Julia Steiny: Face It: Helping All Kids Graduate Requires a Second Shift of Supportive Adults.
Of the 20-year-olds who were unemployed during the recent recession, roughly 70 percent were high-school drop-outs.
Dr. Robert Balfanz asks, “With no diploma and no work history, are they ever going to work? Every year we (America) put a million kids into that pipeline.” Which leads to prison, chronic unemployment, and reliance on social services. Maintaining this pipeline is not in our national interests, to say the least.
A researcher at John Hopkins University, Balfanz co-directs the Everyone Graduates Center. He also works on Colin Powell’s project, the America’s Promise Alliance with the specific goal of raising the nation’s graduation rate to 90 percent by 2020. Currently, it’s about 75 percent. This means getting 600,000 more kids across the stage each year.
“But if you remember,” he muses, speaking recently at the Rhode Island Foundation, “90 percent was also the graduation target for (the Clinton-era’s) Goals 2000.” We’re not making much progress.
Improving graduation is a hard, hard job.
Still, Balfanz argues that the job is absolutely doable. Read a description of what he calls his “Civic Marshall Plan,” designed to accelerate the little bits of progress made so far. But despite its clear, commonsensical nature, the Plan is dauntingly ambitious.
Today let’s consider one piece of it, perhaps the toughest for most people to swallow. Balfanz makes inspiring suggestions for how schools could become attractive, effective places where kidswant to come and learn. But even if schools achieve such improvement, many kids will still need what he calls a “second shift of adults” to keep them on track.
Imagine a healthy path that reliably takes kids through high school to finishing the post-secondary training they need to thrive in this economy. Balfanz would say that kids on that healthy track have the A, B, Cs – Attendance, Behavior, and Course Completion. They have learned how to get their own butts out of bed, how to stay out of trouble, and how to earn at least a “B” average overall. It’s not such a tall order.
But imagine how easily it is to fall off that track. Many kids have incompetent parents, for whatever reason. Some suffer untreated trauma. Poverty, violence, mental illness and substance abuse might affect either the parents or the kids, resulting in a kid’s school problems. Adolescents get moody and disaffected. Schools themselves might be alienating, harsh, impersonal or dull.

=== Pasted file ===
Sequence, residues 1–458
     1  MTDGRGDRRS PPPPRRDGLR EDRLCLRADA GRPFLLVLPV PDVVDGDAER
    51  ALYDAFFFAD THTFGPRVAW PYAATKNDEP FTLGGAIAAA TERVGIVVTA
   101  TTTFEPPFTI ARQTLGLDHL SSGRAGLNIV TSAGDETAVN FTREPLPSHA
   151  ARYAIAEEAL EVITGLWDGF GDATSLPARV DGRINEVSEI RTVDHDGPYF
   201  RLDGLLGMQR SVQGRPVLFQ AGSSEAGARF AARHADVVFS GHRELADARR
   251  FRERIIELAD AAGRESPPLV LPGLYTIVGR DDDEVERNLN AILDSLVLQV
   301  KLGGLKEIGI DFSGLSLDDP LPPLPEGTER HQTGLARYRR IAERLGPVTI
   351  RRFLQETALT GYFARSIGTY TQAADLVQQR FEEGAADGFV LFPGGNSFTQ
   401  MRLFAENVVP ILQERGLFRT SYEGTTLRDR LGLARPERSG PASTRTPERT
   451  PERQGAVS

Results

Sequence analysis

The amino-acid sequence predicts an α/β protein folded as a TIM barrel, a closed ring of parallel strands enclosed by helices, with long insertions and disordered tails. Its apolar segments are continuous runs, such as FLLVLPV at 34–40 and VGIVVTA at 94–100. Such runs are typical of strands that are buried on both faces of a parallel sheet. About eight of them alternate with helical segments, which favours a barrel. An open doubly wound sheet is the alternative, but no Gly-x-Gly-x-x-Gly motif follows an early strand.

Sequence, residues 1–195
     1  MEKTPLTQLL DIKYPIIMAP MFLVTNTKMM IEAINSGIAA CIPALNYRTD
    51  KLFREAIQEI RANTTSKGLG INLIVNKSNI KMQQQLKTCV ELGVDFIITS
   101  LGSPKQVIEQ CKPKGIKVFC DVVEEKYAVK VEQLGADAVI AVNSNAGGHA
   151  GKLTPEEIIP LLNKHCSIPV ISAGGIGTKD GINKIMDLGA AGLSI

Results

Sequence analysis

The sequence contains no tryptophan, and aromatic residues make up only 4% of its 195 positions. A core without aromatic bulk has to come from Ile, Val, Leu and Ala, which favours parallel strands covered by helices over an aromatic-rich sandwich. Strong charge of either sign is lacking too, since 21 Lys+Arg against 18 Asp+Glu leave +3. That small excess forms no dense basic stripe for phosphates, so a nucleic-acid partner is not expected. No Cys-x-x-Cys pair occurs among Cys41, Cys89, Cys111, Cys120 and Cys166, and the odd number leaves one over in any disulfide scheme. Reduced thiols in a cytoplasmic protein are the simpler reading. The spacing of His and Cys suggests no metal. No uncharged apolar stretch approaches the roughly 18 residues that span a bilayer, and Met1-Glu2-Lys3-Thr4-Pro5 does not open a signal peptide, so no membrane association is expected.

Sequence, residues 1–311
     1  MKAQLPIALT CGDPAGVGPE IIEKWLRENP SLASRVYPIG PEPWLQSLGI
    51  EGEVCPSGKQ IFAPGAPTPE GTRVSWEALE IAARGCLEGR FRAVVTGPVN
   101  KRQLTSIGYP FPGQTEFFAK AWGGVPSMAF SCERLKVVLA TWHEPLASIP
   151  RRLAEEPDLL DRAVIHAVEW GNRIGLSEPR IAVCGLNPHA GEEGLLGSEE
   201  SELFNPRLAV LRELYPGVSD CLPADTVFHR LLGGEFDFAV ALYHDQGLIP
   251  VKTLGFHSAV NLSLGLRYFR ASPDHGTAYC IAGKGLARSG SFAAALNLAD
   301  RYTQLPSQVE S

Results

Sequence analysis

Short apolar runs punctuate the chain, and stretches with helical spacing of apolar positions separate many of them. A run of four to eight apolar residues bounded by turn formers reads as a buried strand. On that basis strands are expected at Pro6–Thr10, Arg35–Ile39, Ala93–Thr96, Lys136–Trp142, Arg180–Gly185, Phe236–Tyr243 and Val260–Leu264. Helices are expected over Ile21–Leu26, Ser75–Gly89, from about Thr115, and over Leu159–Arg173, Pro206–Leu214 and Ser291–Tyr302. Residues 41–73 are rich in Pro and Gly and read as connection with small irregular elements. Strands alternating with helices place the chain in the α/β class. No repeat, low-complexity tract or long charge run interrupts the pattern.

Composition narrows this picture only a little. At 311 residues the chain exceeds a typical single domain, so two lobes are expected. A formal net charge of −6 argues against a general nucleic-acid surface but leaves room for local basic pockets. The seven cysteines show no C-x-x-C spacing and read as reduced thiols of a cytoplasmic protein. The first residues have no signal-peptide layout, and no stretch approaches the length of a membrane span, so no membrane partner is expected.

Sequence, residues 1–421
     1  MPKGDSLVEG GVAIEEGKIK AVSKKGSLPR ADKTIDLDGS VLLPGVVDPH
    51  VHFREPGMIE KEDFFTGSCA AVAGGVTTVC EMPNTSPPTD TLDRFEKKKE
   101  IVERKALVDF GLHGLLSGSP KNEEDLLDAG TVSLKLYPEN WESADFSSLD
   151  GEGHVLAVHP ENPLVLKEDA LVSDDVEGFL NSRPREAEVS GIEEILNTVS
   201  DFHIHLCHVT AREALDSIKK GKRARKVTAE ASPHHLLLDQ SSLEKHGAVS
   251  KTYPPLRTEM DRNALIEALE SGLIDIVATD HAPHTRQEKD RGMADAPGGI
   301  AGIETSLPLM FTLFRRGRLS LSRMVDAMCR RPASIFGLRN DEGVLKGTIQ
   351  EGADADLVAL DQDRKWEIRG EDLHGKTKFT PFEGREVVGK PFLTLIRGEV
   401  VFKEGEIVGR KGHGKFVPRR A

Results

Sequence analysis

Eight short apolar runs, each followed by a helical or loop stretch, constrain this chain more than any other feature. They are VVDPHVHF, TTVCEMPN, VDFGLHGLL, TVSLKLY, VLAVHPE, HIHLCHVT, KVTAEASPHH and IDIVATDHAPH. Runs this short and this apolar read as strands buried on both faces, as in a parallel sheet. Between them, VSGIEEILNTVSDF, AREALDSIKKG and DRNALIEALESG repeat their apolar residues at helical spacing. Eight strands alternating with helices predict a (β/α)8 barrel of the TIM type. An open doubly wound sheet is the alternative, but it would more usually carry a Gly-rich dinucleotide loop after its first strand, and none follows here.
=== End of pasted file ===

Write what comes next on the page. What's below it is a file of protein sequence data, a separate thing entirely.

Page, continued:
So at any point in kids’ lives, circumstances may push or entice them off that healthy path and into the stream coursing toward the drop-out pipeline.
The second shift, then, are those individuals and agencies standing ready to catch the kid the moment she’s slipping. Someone needs to figure out what the root problem is, and respond with the right support or intervention, at the right scale and intensity. Or she’s gone.
One kid may simply need an encouraging mentor asking after her homework every day. But another needs heavy-duty social services to work with his whole family to get him back. Others may need tutoring, a friend, a father figure, a grief therapist, or someone reliable to give his grandmother her insulin shot during the day so he can get to school. Kids who’ve experienced social or academic failure avoid repeating the horrible feeling of failure by withdrawing effort. “I don’t care and I won’t try.” Someone has to pull them back.
The challenge is massive.
“But the good news,” Balfanz enthuses, “is that this is a giant engineering problem and America is good at engineering.”
How would he have us begin this engineering feat?
Start with good data. No Child Left Behind forced schools and municipalities to build robust data systems, so those systems can help us know where each and every kid is at regarding the A, B, Cs.
A kindergartner’s spotty attendance is a red flag. Middle-school kids getting suspended are surely in trouble. Intervene asap, before the problem gets bigger.
Balfanz gestures wildly, dramatizing the data’s evidence that “by the 6th grade, certain kids are waving their arms and yelling I’m going to drop out.” Two-thirds of incarcerated boys and two-thirds of girls who get prematurely pregnant were, when they were in 6th grade, chronically absent, getting suspended, failing English or math, or some combination.
But, monkey see, monkey do. How many kids have plenty of adults and older kids around them, modeling and teaching the self-management and personal organization needed to pull off A, B, and C?
Precious few. Especially in low-income communities.
“If we don’t have interventions, diagnoses are meaningless.”
So who steps in?
Balfanz says, “Kids need much more than a good lesson every day. A teacher has 20 kids – or 120 – and can be heroic with, like, 5. So how many adults do we need to mobilize to see to it that all kids are getting what they need?”
He doesn’t pretend to have that answer. Yes, AmeriCorps, Scouts, clubs, sports and recreation departments are big contributors. Non-profits and the business communities are stepping up more lately. Still, oceans of kids need basic daily nurturing: “I’m here to help, and I like you.” Only such a personal approach will support a struggling child to develop her own self management.
Balfanz concludes by offering “A Nobel prize to the person who figures out how we get that second shift.”
It’s a profoundly daunting challenge. But I’m sure he’s right.
Julia Steiny is a freelance columnist whose work also regularly appears at GoLocalProv.com. She is the founding director of the Youth Restoration Project, a restorative-practices initiative, currently building a demonstration project in Central Falls, Rhode Island. She consults for schools and government initiatives, including regular work for The Providence Plan for whom she analyzes data. For more detail, see juliasteiny.com or contact her at [email protected].